FAIRBANKS — Organizers with the 2014 Arctic Winter Games are seeking volunteers who can help interpret to English several Arctic languages.
The Arctic Winter Games, held in Fairbanks from March 15-22, will bring athletes to Interior Alaska from the highest latitudinal region of the world. Though English is the official language of the Arctic Winter Games, and many of the competitors speak English, organizers hope to have interpreters available to cover any possible scenarios.
"These are all backup," said Mimi Chapin, one of the interpreter organizers. "Fairbanks is an hospitable international community that wants to make things easy on the people who come here."
Chapin, an English and Russian speaker, works as an interpreter for Ice Alaska and is working with the winter games to bring in volunteer interpreters for each language spoken by participating contingents. Representatives from Alaska, multiple regions of northern Canada, northern Russia, northern Scandinavia and Greenland will all converge on Fairbanks, bringing with them several languages.
Estimates show some 2,000 athletes speaking varying dialects are set to arrive in Fairbanks for the games.
"We don't know exactly what's going to be needed, but we want to have a good pool of people to call upon," Chapin said.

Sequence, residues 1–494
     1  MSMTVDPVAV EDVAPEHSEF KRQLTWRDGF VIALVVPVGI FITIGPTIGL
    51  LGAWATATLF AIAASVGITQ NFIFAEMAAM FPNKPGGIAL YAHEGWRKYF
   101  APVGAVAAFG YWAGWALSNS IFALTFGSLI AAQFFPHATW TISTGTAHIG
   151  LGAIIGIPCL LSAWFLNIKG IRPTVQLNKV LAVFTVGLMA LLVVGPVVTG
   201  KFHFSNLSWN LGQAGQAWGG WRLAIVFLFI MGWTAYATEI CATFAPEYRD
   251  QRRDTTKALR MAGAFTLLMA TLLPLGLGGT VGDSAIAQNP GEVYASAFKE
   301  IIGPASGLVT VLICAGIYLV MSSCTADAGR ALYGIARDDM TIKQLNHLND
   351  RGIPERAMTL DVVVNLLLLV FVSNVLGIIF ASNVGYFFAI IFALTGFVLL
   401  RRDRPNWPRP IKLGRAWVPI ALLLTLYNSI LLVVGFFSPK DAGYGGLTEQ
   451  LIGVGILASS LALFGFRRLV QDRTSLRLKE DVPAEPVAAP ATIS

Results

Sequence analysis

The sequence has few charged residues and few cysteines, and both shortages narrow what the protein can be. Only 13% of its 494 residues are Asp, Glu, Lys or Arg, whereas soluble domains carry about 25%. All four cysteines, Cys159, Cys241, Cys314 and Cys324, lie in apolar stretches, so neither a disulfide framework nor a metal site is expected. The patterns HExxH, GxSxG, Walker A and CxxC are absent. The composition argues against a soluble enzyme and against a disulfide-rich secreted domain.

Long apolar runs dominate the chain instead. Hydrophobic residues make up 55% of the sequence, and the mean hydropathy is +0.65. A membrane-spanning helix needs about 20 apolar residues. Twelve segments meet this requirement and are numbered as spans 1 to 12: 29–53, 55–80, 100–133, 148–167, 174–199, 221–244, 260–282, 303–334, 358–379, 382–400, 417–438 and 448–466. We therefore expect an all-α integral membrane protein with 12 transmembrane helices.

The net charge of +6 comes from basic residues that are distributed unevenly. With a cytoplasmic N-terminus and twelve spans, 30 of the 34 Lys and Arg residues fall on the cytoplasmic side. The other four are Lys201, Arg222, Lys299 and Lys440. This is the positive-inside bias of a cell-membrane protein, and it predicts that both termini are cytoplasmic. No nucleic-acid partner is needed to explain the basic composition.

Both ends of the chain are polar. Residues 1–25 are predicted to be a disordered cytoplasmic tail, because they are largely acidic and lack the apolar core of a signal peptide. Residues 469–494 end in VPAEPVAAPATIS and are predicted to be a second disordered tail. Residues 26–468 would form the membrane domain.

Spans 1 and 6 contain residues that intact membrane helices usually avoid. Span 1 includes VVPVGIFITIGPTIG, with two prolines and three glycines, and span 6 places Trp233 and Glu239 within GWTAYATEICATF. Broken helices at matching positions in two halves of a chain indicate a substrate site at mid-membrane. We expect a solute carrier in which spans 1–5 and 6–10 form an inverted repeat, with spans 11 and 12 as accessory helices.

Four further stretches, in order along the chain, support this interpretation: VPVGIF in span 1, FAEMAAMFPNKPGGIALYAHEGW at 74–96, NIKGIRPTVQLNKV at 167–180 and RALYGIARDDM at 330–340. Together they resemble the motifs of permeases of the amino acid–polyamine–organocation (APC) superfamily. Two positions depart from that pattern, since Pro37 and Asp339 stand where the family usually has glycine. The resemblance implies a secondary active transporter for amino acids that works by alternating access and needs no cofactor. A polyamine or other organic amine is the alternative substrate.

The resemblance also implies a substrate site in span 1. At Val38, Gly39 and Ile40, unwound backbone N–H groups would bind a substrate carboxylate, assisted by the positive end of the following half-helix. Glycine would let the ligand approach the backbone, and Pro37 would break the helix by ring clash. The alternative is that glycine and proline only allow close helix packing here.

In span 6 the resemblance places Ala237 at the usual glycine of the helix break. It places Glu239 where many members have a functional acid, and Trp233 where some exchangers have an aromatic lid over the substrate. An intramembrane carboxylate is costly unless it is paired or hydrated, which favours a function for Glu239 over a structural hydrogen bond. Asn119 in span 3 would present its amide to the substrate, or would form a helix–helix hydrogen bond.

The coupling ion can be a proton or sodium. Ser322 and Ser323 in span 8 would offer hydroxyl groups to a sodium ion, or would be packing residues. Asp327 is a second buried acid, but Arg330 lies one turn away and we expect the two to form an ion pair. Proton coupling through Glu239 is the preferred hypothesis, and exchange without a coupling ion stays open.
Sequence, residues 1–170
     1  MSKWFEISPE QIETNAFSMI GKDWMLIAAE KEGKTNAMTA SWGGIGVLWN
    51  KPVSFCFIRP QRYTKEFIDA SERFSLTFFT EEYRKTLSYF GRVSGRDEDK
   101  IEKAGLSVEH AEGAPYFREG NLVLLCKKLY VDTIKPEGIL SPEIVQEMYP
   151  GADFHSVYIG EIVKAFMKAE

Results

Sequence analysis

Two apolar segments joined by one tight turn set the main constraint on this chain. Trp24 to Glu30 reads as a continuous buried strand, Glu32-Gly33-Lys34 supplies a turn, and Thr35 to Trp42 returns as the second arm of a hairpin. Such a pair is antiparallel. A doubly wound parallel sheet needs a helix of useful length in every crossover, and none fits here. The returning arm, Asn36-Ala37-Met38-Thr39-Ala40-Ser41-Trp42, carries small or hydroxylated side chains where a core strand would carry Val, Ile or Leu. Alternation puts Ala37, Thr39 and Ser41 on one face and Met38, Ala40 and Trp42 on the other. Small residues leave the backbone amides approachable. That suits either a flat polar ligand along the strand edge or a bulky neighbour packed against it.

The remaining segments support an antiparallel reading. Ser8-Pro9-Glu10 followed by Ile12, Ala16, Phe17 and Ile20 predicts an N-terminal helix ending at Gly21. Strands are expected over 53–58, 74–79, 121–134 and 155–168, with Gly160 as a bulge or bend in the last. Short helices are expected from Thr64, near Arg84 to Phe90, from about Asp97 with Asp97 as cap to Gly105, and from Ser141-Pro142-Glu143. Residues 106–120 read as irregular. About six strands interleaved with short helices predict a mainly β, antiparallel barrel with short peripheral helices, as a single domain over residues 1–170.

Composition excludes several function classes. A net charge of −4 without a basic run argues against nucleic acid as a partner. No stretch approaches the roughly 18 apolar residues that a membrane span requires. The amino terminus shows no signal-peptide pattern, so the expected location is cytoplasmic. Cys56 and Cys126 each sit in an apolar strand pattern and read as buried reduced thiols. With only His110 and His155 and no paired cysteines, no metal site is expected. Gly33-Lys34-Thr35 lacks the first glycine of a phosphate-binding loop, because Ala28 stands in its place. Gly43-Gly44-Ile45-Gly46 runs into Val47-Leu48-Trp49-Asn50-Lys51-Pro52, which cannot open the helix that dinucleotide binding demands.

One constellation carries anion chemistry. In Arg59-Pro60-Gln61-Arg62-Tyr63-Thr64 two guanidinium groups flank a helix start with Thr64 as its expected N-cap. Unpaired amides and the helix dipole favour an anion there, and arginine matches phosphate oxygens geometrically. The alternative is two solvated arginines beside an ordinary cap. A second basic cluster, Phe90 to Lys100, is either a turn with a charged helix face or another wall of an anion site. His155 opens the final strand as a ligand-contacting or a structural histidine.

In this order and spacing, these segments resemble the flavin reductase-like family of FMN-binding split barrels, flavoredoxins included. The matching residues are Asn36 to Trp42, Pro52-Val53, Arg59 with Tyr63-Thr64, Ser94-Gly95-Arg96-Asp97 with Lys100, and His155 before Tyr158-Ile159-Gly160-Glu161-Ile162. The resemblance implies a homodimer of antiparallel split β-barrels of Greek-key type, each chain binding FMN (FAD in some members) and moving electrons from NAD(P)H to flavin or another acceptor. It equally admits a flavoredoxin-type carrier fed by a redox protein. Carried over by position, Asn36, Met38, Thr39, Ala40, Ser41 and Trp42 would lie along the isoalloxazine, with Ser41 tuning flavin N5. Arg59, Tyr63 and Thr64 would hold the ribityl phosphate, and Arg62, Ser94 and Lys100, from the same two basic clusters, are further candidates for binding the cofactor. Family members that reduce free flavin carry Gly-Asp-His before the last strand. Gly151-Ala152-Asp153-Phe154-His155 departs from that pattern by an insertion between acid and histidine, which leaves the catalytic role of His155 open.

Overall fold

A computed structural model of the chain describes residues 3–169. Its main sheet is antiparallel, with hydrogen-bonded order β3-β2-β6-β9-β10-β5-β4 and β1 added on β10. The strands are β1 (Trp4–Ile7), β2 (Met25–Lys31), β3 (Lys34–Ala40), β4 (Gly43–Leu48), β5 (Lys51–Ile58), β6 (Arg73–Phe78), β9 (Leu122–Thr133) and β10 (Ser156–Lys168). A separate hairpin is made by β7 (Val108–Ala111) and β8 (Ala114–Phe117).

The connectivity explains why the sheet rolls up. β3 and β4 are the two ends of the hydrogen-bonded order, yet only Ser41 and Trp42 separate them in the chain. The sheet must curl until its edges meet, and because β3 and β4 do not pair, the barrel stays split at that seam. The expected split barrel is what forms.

Many languages, such as Russian and Swedish, have millions of speakers. Others, such as the Sami language -- spoken by the people of the northern Scandinavian region of Sapmi -- have an estimated 20,000 speakers.
Many Sapmi people speak the official languages of their respective Scandinavian country, Norwegian, Swedish or Finnish, and some also speak English, according to Chapin. More than twice as many people speak Greenlandic, the native language of Greenland, as Sami, but Chapin said that is proving to be one of the harder languages to find an interpreter.
Lawrence Kaplan, director of the Alaska Native Language Center at University of Alaska Fairbanks, has been helping Chapin and the winter games organizers to find interpreters for the games. He said he isn't aware of a single Greenlandic speaker in Fairbanks. The closest speakers, he said, are in Anchorage.
Contact staff writer Weston Morrow at 459-7520. Follow him on Twitter: @FDNMschools